What’s the difference between a freelancer, employee and independent contractor?
Published on 2019-06-10 by useme.
Understanding the variations between the above working or cooperating models are important for companies or flexible workers. How can one properly differentiate roles, responsibilities and supervision methods among flexible workers and employees to benefit each party?
The prime difference is the legal one and it has fundamental consequences as far as taxes, costs and other public tributes are concerned. The distinction between a freelancer and an employee comes down to how much control or authority a firm has over an individual and his or her work. Basically speaking, independent contractors are entrepreneurs running small sized businesses. So, he or she is not an enterprise’s employee but one of clients. So, a contractor has no boss or manager forcing what shall be done each day and how it should be done. One is free to do business with as many firms as he or she wants and usually has his or her own business card, a visible business location - own office or a venue in a coworking space.
Independent contractors usually make their own schedules, do marketing for their own company, decide on their own if he or she wants to work 5 or 15 hours per day, and are available to work in the relevant market. He or she brings to a client’s his or her own equipment, e.g. computer to use for work.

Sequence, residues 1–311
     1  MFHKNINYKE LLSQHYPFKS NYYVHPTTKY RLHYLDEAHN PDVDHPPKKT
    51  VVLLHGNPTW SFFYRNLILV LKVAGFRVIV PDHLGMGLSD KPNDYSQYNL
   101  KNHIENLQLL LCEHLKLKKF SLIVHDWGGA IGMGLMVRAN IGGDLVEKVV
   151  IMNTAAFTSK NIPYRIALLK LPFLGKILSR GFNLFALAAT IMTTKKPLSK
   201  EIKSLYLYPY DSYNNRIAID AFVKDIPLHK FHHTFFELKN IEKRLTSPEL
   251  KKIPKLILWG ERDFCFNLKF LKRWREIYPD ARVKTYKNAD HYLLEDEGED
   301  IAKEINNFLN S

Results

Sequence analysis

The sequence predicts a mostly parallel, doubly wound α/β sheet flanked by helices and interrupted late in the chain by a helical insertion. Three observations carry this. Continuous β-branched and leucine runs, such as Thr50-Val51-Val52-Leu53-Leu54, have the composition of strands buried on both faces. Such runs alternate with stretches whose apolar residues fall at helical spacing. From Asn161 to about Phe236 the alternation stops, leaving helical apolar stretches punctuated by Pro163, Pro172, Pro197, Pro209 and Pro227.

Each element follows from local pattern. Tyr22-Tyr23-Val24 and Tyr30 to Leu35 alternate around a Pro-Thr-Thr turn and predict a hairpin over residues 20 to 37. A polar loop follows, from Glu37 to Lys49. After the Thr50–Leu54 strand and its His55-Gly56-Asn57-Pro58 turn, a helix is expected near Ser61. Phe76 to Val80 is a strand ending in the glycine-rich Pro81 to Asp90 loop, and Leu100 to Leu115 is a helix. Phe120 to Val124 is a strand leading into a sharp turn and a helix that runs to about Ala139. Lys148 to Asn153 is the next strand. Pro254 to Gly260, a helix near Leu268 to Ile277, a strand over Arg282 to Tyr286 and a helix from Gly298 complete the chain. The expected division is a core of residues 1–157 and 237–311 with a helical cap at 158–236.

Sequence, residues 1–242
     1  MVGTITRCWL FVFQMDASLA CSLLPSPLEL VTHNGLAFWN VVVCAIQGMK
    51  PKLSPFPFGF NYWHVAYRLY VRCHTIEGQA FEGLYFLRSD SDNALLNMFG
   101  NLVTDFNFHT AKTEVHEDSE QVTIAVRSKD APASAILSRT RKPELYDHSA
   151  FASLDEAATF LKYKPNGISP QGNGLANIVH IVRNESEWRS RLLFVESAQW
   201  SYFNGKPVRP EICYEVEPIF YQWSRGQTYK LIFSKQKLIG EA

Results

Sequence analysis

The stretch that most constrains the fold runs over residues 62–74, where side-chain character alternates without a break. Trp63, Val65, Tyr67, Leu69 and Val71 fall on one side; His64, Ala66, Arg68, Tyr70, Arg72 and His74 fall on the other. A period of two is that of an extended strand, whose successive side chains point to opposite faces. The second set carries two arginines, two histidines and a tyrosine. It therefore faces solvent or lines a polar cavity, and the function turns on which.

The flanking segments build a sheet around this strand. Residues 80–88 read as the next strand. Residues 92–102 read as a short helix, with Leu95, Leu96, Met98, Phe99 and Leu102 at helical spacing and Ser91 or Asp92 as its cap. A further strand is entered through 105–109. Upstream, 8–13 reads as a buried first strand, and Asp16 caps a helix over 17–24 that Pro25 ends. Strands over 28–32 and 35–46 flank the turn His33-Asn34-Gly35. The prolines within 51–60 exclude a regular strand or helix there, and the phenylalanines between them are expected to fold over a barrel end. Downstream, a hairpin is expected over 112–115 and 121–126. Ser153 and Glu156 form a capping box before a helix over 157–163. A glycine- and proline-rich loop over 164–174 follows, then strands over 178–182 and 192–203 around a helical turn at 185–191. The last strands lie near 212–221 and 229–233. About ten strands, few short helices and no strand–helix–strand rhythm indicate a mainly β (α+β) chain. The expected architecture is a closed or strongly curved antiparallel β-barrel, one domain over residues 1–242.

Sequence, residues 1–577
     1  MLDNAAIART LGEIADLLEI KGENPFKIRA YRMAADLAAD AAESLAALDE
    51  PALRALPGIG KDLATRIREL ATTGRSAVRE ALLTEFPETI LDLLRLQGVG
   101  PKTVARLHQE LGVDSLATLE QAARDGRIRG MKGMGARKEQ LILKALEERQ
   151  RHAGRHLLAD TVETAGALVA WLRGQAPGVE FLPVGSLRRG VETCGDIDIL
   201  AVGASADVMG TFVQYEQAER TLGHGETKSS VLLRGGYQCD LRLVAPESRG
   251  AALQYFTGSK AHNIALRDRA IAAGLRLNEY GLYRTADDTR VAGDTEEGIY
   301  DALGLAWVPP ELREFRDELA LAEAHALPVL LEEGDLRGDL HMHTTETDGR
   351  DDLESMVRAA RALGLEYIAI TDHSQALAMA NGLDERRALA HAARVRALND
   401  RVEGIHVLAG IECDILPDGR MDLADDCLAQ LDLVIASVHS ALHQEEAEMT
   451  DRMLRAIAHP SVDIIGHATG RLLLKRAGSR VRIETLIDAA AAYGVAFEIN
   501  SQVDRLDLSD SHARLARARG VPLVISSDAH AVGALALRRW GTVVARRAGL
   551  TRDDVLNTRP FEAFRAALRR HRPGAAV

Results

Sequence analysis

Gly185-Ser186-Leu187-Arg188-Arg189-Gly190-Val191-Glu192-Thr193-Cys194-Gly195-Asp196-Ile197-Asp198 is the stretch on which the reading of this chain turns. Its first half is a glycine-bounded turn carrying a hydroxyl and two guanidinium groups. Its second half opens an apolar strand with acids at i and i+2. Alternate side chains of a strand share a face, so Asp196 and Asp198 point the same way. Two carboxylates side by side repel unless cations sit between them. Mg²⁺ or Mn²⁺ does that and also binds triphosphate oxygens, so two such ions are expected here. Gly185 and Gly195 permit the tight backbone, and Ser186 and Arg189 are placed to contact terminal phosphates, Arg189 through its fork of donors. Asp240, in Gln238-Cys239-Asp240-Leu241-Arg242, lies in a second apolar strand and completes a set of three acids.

One doesn’t require either long and comprehensive training or detailed instructions on how to do everyday work due to the fact he or she is an experienced professional offering skilled services. An independent contractor probably has unique and specialized skills, such as content creating, e.g. graphic designing, or coding which is not a part of a client’s prime income. Usually, he or she gets paid a flat fee for work, or charges by the hour. So, freelancers are independent contractors. But there is no legal term such as “freelancer”. It is generally used to characterize independent contractors who work in creative areas serving numerous clients and staying flexible over their schedule.
Enterprises working with independent contractors don’t have to pay the minimum wage, overtime, workers’ compensation, taxes for a contractor’s Social Security, Medicare, unemployment benefits, and health insurance premiums. Freelancers can’t join a labor union due to the fact that only employees can do it.
An employee is an individual who works a certain number of hours per week, usually in the same venue, under the supervision of a manager who has a direct control over him or her and a work that has been performed.